Those surprisingly small TCW redemptions

By Felix Salmon
December 11, 2009
fired, but redemptions seem to be slowing down, and that still leaves over $60 billion remaining.


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How much has the abrupt departure of star bond fund manager Jeffrey Gundlach cost his former company? Maybe less than you might think: about $2 billion left his fund in the 48 hours after he was fired, but redemptions seem to be slowing down, and that still leaves over $60 billion remaining.

Most of Gundlach’s investors are large institutions, of course, and they can sometimes move relatively slowly, and might be biding their time to see if they can renegotiate their deals with TCW or to see where Gundlach pops up next. But the good news is that an event which might have caused serious chaos in the volatile and illiquid mortgage market seems in reality to have passed with barely a ripple.

The guy who’s replacing Gundlach, Tad Rivelle, is having a torrid week, for sure. But institutional investors often respect relatively modest fund managers who have yet to reach the point at which they start believing their own press clippings:

Mr. Rivelle rejects the notion any bond manager has a secret formula that can’t be replicated. Bond selection “doesn’t rely upon some supercomputer or massive brain,” he says.

In the early days of this week, when TCW was releasing letters saying that Gundlach had “threatened to take certain actions that could have jeopardized the firm’s ability to manage clients’ fixed income assets,” the probability that it could all end in anything but tears seemed slim indeed. But it’s a testament to the newfound strength of the bond market that so far this is more of a financial-gossip story than anything with systemic implications. Well done, bond market, for keeping your head and not going crazy on the immediate-redemptions front.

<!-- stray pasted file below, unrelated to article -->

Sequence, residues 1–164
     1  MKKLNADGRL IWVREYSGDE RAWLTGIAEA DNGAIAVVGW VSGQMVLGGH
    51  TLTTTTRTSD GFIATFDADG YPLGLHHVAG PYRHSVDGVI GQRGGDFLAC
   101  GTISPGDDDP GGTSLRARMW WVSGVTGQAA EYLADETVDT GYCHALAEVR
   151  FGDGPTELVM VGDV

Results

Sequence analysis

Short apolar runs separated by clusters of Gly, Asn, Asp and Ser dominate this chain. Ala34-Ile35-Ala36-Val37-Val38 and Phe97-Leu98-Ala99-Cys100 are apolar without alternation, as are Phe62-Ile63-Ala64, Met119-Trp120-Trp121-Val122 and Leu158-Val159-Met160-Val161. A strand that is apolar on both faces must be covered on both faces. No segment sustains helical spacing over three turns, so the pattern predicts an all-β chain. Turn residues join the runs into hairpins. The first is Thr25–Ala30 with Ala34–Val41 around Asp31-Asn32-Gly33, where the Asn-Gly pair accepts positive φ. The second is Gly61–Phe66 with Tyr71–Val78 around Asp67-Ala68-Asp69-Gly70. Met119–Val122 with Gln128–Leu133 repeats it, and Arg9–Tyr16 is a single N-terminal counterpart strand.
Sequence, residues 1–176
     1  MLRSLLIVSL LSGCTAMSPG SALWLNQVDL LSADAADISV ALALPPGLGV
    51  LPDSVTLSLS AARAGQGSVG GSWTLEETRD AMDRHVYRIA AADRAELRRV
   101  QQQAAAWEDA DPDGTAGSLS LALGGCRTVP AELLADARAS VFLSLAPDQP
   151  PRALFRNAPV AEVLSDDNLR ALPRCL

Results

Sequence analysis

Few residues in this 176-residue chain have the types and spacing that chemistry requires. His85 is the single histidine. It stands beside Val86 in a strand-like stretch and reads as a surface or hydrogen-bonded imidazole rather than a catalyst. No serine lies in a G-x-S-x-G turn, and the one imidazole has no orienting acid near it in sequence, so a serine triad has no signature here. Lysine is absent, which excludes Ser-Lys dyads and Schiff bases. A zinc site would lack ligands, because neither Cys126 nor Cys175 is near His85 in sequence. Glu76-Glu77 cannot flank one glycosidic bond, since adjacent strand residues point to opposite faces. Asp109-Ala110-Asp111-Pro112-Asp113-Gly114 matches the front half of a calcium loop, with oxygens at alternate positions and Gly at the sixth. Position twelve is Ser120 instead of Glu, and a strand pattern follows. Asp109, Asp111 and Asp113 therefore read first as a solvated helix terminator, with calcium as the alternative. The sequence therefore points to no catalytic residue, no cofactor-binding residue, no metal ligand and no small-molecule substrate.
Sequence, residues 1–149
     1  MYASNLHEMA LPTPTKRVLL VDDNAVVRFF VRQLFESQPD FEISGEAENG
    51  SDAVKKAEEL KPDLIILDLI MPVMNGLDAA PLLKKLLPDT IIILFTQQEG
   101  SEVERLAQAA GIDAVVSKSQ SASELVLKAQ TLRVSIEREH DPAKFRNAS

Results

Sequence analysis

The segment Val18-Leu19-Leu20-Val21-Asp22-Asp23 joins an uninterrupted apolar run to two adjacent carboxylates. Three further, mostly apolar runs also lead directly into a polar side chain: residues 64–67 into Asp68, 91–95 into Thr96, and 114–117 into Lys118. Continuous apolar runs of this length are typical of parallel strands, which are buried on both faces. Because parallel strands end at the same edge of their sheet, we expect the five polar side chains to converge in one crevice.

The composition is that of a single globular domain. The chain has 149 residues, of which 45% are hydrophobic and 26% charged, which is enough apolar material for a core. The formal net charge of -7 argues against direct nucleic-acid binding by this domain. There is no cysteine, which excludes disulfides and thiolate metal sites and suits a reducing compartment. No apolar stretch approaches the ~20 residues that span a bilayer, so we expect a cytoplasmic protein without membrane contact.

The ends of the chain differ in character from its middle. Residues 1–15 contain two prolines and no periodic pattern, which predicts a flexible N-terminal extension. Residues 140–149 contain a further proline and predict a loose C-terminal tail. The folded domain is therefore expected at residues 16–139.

One comment

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Given that only $12 billion of the money Gundlach was running was in the mutual fund (TGMNX/TGLMX), $2 billion in withdrawals is pretty significant to the company. They also got smacked by the Treasury and may lose that business. No standard institutional investor is going to reallocate money in less than a week, and those that do want to move money might well cut deals with TCW not to express their concerns publicly. Of course it’s also in their interest to keep quiet to make sure they get their cash promptly.

Given that the mutual funds were ~65% in government-backed securities, it’s unsurprising that $2 billion in redemptions failed to move a multi-trillion dollar market. As to the supposed illiquidity of the riskier end of the portfolio, banks have been using illiquidity as an excuse for their insolvency since the beginning of the crisis and it remains just as false. There’s a price for any security you can name, because there are simply too many arbs and nerds out there for there to be any market in which the world collectively throws up its hands and says “Dunno what it’s worth”. That price may not be as high as the long-term holders of bad paper would like, but Gundlach bought all these securities at a low price and TCW could sell them at a higher price today. Banks just pretend they’re illiquid because they’d rather mark the paper at 80 cents on the dollar than take the market quote of 70 or less. Maybe we’ll successfully inflate/earn our way out of this and they’ll be right, but paper that you might have to sell any day to remain solvent/meet cash demands is worth what the market will pay you for it. I really hope for their sake that TCW has been marking their paper honestly when the institutional redemptions start coming in.

But I agree with you that this won’t have any bond market impact since TCW isn’t big enough. It will hurt their company because they have lost not just Gundlach but an excellent team around him that were highly successful at gathering and managing assets. It’s also pretty damaging to the company’s reputation as a fiduciary that they will make a huge adjustment on a Friday afternoon without consulting or warning shareholders. I’ll never invest with them again, and I had been adding to the fund since I found out about it earlier this year.

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